When the trade group behind CES—the Consumer Technology Association—first began planning this year’s show amid the height of the pandemic’s first wave last April, organizers had little idea of what the world, much less, the event, would look like come this January.
The Covid-19 quarantine was pushing people to get better acquainted with technology that might have appeared on the expo floor in previous years—videoconferencing tools, smart home devices and telehealth apps—while also making the prospects for in-person demonstrations of futuristic robots and drones that CES is famous for increasingly dim. (The CTA decided in summer that the event would be all-digital.)
The pandemic’s influence can be seen throughout the programming of the year’s biggest consumer tech trade show, which prominently features categories such as connected healthcare, gadgets geared for spending time at home and virtual entertainment.
“We’ve all seen over the last 10 months how we’ve had to adapt our lives—from how we live, how we work, how we get educated, how we get our entertainment—we’ve all had to change, and we’ve seen a huge acceleration in technologies during that time,” said Jean Foster, svp of marketing and communications for the CTA. “We wanted to make sure that we were showcasing those changes.”
Perhaps the category to see the biggest increase in focus this year is health and mental wellness tech. Foster said healthcare has been a growing area for CES in the past few years, but it especially took off this year, with everything from smart face masks to telemedicine to wearables that monitor vital statistics. Some of the sessions on the topic include “Trust and The Impact of AI on Health Care,” “Digital Health in 2020: Rules of Contagion” and “Prescribing Digital Therapeutics as the Medicine of Today.”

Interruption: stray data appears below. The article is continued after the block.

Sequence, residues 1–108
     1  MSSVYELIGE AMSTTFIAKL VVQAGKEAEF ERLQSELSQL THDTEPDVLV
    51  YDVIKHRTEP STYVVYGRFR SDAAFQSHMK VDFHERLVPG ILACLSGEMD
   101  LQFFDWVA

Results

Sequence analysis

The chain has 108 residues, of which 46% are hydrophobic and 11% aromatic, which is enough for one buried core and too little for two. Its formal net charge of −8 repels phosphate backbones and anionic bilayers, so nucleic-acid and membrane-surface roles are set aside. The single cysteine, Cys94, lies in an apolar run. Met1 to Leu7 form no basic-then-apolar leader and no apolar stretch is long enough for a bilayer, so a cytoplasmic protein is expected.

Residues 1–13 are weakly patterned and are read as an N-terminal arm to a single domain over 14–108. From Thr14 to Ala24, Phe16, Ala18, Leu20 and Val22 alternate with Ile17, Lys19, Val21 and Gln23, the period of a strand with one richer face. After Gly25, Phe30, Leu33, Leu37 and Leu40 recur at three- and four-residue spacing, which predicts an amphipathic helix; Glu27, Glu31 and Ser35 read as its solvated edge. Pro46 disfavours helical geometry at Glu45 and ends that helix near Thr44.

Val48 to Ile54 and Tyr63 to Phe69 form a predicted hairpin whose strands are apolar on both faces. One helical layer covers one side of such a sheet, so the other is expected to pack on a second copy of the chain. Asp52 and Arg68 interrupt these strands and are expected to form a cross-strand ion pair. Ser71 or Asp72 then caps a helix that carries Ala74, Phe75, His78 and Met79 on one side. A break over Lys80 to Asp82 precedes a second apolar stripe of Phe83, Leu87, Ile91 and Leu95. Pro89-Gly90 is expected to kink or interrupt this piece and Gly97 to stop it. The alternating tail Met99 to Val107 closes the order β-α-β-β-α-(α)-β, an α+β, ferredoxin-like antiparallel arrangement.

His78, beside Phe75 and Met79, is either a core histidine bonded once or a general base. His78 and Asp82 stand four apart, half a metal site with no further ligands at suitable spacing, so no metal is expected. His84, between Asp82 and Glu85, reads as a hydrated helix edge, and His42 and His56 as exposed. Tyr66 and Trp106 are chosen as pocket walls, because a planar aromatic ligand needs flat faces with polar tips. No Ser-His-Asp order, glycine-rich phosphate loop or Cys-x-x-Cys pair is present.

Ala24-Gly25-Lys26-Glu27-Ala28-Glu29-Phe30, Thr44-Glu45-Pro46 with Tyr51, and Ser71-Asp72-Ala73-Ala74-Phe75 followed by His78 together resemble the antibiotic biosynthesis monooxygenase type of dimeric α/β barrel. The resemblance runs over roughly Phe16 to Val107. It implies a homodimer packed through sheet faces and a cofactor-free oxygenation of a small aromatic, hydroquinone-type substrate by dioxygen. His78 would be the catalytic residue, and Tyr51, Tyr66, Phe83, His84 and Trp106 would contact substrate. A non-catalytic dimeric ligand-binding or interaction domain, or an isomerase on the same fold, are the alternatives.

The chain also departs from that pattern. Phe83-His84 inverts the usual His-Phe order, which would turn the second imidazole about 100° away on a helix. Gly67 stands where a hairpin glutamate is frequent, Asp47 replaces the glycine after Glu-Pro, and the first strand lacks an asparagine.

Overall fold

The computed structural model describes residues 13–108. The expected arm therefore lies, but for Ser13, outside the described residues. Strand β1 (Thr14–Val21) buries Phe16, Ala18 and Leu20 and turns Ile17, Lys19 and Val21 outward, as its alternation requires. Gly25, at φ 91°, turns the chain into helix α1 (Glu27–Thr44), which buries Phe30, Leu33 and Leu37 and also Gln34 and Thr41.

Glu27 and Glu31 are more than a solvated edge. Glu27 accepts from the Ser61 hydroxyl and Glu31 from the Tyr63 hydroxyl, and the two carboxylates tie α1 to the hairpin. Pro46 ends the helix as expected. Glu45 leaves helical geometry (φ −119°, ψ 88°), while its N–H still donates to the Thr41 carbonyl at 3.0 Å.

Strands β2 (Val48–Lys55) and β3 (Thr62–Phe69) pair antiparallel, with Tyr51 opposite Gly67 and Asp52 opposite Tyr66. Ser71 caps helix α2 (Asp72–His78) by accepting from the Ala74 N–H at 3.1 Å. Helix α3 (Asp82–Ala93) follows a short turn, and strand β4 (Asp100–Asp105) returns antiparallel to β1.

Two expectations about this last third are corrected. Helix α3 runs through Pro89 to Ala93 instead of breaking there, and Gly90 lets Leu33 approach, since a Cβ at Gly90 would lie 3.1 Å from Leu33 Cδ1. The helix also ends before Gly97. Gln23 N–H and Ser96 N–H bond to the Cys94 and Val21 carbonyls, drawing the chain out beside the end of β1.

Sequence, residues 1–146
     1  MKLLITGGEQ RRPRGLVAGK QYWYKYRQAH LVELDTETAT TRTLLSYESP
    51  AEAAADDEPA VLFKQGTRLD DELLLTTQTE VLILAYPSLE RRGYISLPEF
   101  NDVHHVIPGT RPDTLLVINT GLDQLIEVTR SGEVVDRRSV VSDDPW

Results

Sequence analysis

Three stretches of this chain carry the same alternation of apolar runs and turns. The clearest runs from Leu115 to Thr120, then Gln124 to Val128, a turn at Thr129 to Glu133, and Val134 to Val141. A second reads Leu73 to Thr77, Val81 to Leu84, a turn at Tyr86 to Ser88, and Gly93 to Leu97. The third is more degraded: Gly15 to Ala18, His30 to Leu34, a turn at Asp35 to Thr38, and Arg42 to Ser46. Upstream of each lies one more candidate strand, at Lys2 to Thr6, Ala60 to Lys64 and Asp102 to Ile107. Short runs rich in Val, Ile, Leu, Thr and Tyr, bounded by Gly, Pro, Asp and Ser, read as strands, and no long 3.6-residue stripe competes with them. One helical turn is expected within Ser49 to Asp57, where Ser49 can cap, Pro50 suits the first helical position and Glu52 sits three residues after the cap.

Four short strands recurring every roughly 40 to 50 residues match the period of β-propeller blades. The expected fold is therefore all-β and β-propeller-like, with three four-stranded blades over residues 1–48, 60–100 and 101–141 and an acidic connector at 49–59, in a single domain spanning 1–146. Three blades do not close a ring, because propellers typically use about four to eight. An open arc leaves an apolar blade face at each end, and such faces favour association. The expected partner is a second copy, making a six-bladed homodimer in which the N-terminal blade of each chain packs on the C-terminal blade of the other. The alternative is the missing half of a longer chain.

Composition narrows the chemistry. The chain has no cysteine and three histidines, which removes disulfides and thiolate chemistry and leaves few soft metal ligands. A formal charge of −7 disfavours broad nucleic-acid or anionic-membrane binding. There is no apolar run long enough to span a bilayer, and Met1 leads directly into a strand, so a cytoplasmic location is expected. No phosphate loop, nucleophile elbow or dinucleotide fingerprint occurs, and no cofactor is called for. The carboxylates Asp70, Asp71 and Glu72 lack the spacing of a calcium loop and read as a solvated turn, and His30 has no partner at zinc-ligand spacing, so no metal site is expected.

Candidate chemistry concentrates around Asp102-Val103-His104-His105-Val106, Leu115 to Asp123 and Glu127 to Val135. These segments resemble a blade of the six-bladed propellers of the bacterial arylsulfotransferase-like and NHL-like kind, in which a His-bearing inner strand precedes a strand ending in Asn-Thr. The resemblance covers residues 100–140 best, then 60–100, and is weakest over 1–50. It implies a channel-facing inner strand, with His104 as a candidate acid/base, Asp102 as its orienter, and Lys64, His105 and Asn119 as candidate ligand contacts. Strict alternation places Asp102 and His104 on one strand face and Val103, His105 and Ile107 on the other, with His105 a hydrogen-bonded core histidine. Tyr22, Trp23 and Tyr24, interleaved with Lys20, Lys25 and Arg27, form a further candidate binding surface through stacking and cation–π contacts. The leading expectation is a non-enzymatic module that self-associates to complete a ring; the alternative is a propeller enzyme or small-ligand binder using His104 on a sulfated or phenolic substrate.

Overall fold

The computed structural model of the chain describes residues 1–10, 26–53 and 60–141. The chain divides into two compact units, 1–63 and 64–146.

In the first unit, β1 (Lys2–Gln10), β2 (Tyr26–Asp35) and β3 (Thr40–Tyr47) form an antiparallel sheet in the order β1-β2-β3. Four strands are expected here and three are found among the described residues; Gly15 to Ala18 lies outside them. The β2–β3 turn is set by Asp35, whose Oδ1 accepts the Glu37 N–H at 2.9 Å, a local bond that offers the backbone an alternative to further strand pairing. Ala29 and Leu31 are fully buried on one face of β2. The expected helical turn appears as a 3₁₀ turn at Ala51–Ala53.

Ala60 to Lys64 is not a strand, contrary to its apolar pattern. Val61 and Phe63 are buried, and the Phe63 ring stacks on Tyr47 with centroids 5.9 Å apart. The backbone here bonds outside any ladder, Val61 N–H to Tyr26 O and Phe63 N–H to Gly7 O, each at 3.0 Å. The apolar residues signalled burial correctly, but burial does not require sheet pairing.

On the mental wellness front, Raphael Rivilla, senior vp of media at agency Marcus Thomas, said he expects to see more focus on personalizing digital experiences to a consumer’s state of mind at a given time. “Imagine a website changing its offerings based on a user’s emotional state—maybe this happens when you log in and each experience can be different based on your current emotional state.”
While connected home gadgets have always figured heavily into CES’ agendas in recent years, this year marked a shift in the specific kinds of smart devices people want, according to Jennifer Kent, vp of research at Parks Associates, who is speaking in multiple CES sessions at this year’s event, which runs Jan. 11-14.
Consumers are less concerned with remotely monitoring their homes when they aren’t there and more interested in products that enhance their at-home experience. And perhaps as a result of various forms of social unrest in the past year, consumers are also more interested in home security, Kent said.
“What’s been so interesting in tracking the smart home this year is the change in priority of where the value of the smart home is,” Kent said. “Now, we’re home all the time anyway so I can get up and change my thermostat if I want to, but we’ve seen a really big uptick in a stronger, kind of recommitment to one of the core value propositions of the connected home, which is safety, peace of mind and security.”
Another area of focus this year is the massive growth of remote entertainment options spurred by the absence of live gatherings. Foster said that emphasis will be reflected across the conference’s offerings, from Verizon’s keynote on 5G networks facilitating virtual events to sessions on the future of the fan experience and home entertainment systems.